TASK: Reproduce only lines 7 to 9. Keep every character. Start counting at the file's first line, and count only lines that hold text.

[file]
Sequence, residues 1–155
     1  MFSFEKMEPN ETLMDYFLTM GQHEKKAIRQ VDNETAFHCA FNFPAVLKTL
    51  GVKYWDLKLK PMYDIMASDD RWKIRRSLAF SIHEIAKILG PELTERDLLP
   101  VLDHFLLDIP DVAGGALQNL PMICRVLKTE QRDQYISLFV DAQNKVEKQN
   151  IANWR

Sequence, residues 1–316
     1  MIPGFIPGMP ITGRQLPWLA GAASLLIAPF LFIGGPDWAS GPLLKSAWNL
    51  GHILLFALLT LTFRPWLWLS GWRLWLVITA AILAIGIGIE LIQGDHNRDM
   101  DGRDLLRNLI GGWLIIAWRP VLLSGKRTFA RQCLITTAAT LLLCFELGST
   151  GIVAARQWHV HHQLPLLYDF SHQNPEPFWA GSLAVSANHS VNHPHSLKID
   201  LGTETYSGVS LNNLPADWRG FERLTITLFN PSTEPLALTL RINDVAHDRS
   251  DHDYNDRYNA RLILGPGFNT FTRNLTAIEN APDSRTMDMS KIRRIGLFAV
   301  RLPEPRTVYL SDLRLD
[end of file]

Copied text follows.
     1  MIPGFIPGMP ITGRQLPWLA GAASLLIAPF LFIGGPDWAS GPLLKSAWNL
    51  GHILLFALLT LTFRPWLWLS GWRLWLVITA AILAIGIGIE LIQGDHNRDM
   101  DGRDLLRNLI GGWLIIAWRP VLLSGKRTFA RQCLITTAAT LLLCFELGST